Live

UWS co-op owner Tweets to resolve Big Box standoff over stove

Share this Article

A few weeks ago, Upper West Side co-op dweller Paul Zweben had had enough:  The former chef still couldn't use the $5,000 Viking stove he bought last fall from P.C. Richards. The appliance had been rendered useless by a cracked gas valve.

"I had made 100 phone calls to P.C. Richards over four months trying to get it fixed, and they gave me the run around," says Zweben, who also happens to be a social-media savvy real estate broker. "Finally I posted it on Twitter and in five minutes, they replied, 'We're on it. We're sending a $50 gift certificate.'"

Zweben (Twitter handle @hungrydomaine) says he would have preferred a new stove over a $50 gift certificate, but P.C. Richards did replace the valve and boosted the warranty on the stove from five to 10 years.

Intrigued at the idea of using Twitter for home-related grievances, we poked around online to see what other NYC businesses were putting the customer back in service.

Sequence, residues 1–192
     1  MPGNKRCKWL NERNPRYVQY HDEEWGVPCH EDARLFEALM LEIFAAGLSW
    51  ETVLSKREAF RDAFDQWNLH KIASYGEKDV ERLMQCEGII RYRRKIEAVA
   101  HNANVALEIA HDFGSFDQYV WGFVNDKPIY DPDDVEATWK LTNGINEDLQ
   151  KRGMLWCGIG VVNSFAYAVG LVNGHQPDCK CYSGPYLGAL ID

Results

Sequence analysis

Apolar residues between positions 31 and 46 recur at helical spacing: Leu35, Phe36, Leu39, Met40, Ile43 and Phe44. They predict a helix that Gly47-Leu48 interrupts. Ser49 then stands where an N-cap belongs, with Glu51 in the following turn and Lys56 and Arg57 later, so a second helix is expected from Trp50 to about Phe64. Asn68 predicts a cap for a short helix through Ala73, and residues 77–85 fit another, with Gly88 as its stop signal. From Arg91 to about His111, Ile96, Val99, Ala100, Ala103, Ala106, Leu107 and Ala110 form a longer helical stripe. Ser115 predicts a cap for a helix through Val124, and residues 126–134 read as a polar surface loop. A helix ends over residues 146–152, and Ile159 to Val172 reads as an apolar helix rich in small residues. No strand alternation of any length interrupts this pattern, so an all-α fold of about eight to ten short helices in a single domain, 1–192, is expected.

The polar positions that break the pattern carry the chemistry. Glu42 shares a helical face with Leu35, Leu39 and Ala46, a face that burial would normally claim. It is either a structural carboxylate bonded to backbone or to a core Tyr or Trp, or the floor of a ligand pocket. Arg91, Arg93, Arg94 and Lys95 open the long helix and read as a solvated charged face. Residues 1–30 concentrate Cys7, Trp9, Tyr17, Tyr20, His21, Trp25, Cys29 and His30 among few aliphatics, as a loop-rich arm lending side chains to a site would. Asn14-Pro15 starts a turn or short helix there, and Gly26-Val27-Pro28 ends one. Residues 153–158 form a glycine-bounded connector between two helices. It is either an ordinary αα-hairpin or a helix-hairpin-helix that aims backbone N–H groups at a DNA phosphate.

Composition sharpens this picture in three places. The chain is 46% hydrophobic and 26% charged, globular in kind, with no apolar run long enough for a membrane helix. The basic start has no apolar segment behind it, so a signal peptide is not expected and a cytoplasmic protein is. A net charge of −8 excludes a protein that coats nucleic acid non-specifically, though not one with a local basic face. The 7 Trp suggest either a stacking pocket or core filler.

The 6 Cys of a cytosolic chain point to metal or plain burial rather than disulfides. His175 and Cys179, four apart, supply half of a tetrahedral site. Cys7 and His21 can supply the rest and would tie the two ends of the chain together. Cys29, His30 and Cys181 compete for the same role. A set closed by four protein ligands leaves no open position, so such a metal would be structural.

Time Warner Cable seems to be leading the game with its Twitter responses, though not necessarily in resolving issues.  

Recently, @buckyturco tweeted, "Time Warner NYC, why do you hate your high speed customers?"  

Within the hour, @TWCableHelp responded with, "What's the issue? Maybe I can help?"  

@buckyturco tweeted a jury's-out response to BrickUnderground’s followup: "[Time Warner] contacted me, but it hasn't alleviated the problem yet. But pretty smart customer service-wise.”

Our quick scan of the local Twitterscape shows that Verizon, AT&T and Hertz are also reaching out to NYC customers who cry foul.  (Where are you, ConEd, Restoration Hardware and Crate & Barrel?)

A list of "Top 40 Twittering Brands" compiled by Mashable.com says Comcast, Dell, DirecTV, Best Buy and Home Depot are also at your Twitter service.

It turns out it is not just corporate giants monitoring home-related Twitter pleas.

BrickUnderground did a national shout-out via HARO and heard back from people around the country who said they'd successfully tweeted about everything from a running toilet to the ruination of a coach via leaky roof.

Could we get help this way?

Under a pseudohandle, BrickUnderground tweeted, "My leaky faucet is driving me mad!"

Alas, no one was home.

Tweet your household dilemmas and share the results here.

Related posts:

F'd! UES co-op kills sale after Facebooking buyer's kid

Pocket guide to passive-aggressive wifi

NYC vs Left Coast apartment-dweller Zeitgeist revealed online

Also Around the Web